Surgery & Meditation

It is with much gratitude that I greet you this morning.

My wife drove me yesterday morning to the surgical center where a torn medial meniscus was removed in my right knee.

The injury happened during a run in July 2016. I waited this long to have testing done because I thought it was simply a strain. I completed a pain-free run in January to have my hopes dashed as the day went on because the pain progressed. It is a good thing that I maintain very realistic levels of hope about just about anything, that way the disappointment is minimal and thus much easier to manage.

A visit to an orthopedic surgeon and an MRI both confirmed the diagnosis. Surgery was scheduled as was time off from work. Anyone who knows me knows the latter of the two items was more difficult to schedule.

I am now one-day post-operative and the pain medication sits on my dresser untouched. Advil is hopefully becoming a close relative which will join the Lortab on the dresser. No medication at all for pain for which I am also grateful. I know my meditation practice plays a large role in the way I manage pain and discomfort.

I am grateful for the gifts which have been bestowed upon me secondary to all of my hard work.

Namaste

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Learning and Accepting

This past week has been a wake up call for me. I looked back at this injury filled year of running. It has been so bad I am honestly surprised I have not thrown in the towel and said, as I have in the past, “I am done!” My father taught me the importance of perseverance. It is this perseverance which taught me to seek solutions.
 
I saw my running progress to heights I had never imagined I would reach. I was running distance that had only been previously run in my dreams. Injuries eluded me until the day after the 2011 Turkey Trot. I had traveled to run some nearby trails. I laced up my trail shoes and took my first step. That first step caused excruciating pain. It felt as though a razor sharp knife blade had been thrust into my groin. Still I ran.
 
This injury was easier to accept than others as every step which even remotely resembled a running stride caused intense pain. Two months of not running led me back to the roads. I was happy to have found I had lost little running strength. I increased my mileage again and in hindsight that increase came too rapidly. Shin splints returned. More time off. Then my arch nemesis, over thinking things took over. Maybe it was the minimalist shoes. Maybe it was the barefoot transition. Maybe it was an old injury from high school. Maybe it was this and maybe it was that. My problem is I think too much. I try an analyze many things in my life instead of leaving some things to the old saying of “It is what it is.” As Barefoot Ken Bob says, “If it’s painful you must be doing something wrong.” My fight was always in my head. If there is something wrong I am going to look harder at the problem until I figure it out.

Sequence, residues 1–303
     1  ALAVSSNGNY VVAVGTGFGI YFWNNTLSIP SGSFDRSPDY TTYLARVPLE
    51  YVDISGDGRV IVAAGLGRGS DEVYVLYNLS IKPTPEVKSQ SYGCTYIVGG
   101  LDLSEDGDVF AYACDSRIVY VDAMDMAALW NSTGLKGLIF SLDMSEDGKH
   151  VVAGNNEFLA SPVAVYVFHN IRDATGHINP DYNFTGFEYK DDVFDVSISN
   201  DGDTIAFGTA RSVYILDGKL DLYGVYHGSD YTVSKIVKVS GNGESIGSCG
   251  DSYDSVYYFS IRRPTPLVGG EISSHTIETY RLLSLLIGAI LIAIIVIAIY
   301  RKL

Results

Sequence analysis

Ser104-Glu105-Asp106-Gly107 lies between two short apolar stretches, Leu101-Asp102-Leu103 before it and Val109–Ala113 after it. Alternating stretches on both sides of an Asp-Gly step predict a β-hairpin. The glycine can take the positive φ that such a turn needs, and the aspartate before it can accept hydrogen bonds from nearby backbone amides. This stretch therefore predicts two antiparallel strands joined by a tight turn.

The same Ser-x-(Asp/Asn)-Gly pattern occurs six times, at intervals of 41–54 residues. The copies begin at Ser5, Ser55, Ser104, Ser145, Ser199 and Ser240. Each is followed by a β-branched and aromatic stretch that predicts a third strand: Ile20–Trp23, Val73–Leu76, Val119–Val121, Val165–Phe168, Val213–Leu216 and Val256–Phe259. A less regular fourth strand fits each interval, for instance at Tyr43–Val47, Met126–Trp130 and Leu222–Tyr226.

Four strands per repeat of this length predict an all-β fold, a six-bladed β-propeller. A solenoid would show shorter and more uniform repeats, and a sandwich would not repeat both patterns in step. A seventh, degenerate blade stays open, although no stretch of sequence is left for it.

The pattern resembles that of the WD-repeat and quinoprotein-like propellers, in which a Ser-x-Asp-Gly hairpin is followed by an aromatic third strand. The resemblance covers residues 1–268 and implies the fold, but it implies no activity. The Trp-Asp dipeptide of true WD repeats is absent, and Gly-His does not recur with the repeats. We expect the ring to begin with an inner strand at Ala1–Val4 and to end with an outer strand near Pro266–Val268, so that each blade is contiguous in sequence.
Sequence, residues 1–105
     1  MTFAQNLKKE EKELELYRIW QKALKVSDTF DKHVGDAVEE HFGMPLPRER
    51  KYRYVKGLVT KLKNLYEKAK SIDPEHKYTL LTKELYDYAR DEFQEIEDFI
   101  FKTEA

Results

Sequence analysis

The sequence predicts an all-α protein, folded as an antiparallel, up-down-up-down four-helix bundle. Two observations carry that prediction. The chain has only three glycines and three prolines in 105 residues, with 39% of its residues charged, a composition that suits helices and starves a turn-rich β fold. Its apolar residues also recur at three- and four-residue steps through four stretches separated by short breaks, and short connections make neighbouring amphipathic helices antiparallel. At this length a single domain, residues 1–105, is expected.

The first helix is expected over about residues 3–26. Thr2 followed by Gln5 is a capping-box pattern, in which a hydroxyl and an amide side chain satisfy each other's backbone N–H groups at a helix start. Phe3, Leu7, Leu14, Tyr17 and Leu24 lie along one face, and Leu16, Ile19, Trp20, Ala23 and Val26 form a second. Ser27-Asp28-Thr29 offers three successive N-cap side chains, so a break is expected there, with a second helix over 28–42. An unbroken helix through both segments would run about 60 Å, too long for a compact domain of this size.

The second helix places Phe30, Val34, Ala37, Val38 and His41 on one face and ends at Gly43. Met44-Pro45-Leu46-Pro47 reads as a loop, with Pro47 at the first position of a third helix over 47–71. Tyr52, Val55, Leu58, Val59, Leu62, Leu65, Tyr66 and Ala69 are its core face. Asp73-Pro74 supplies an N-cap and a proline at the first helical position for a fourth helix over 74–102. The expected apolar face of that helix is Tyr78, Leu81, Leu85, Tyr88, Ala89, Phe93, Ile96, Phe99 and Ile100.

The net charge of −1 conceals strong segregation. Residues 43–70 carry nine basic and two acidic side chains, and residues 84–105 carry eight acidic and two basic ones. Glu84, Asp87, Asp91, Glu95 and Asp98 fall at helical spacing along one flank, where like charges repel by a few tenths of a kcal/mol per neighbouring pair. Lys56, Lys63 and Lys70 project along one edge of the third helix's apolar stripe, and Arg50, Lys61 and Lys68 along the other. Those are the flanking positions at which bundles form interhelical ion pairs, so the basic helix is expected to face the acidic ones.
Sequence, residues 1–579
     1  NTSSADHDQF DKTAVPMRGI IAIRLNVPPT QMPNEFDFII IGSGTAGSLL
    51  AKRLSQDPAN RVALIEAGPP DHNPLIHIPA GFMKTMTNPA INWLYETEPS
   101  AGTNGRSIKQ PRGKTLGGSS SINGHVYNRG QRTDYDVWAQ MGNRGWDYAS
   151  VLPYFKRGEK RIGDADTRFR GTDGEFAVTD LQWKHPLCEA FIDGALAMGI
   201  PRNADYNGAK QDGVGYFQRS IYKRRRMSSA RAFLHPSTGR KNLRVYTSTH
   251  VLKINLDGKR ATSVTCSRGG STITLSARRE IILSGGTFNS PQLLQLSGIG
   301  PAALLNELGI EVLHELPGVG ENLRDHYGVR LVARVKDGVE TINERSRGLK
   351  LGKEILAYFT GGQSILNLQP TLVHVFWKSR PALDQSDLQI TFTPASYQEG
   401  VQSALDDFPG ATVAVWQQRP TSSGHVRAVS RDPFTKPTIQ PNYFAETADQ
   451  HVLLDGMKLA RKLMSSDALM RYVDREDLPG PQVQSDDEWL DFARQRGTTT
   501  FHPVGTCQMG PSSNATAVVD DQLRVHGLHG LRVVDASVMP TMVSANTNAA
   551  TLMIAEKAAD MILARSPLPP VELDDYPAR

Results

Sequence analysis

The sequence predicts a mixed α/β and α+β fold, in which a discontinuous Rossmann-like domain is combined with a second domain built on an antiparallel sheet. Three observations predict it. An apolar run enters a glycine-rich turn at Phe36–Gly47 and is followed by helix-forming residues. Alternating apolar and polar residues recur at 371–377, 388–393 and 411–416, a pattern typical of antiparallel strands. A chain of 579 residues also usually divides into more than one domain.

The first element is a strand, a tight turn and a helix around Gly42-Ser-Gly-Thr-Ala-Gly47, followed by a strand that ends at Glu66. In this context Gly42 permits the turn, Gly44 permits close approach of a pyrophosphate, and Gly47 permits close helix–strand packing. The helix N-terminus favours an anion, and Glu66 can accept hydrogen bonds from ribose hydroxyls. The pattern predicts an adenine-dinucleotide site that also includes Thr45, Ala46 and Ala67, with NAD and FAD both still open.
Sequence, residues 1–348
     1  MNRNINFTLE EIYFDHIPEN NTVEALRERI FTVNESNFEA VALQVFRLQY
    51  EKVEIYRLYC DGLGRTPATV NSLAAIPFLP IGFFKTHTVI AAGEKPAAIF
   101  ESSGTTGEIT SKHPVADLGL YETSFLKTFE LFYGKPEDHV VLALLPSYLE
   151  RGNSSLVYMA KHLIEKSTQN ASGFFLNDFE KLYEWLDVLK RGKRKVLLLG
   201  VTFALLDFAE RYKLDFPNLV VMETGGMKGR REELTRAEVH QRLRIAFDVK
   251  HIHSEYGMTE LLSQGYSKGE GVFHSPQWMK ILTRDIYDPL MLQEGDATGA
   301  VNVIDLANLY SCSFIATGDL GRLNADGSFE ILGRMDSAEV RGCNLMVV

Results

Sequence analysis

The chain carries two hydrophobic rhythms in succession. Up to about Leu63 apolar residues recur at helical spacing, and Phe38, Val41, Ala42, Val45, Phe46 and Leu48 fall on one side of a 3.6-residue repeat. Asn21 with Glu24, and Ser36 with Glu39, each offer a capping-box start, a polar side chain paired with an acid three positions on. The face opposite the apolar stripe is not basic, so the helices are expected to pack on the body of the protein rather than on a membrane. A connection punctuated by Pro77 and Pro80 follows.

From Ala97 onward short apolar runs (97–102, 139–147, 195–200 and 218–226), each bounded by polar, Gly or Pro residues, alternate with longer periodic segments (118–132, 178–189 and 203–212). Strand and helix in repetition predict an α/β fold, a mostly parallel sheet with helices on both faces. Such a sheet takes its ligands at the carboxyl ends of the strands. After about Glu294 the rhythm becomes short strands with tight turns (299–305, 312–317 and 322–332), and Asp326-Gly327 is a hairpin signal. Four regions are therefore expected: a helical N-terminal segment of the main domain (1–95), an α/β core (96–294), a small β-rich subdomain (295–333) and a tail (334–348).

As I lay in bed the other night writing in my journal and not thinking, the answer came to me. The answer came to me as rapidly as a light illuminating a room as soon as the switch is flipped. I ran too much too soon in my transition to barefoot running. I tried to make things move faster than my 49 year-old body felt comfortable. I tried to make up for training lost during a completely snowless winter. It was a winter during which I was forced to hear other runners talk about in happy tones with smiles on their faces. Buffalo, NY in the winter; no snow; and temperatures that stayed consistently in the forties.
 
This past weekend I laid out a training plan designed to help me get back on track. Two miles each day over five days. A half marathon comining up in less than one month that I have decided not to start. I believe my fitness level would allow me to complete the distance but I am not willing to survive a short-term goal in defference to the long-term goal of remaining healthy and continuing to run.
 
As I wrote in my journal, a sense of peace came over me. I felt comfortable with my decision. I had accepted my decision. I had accepted my limitations. I am human.
 
Namaste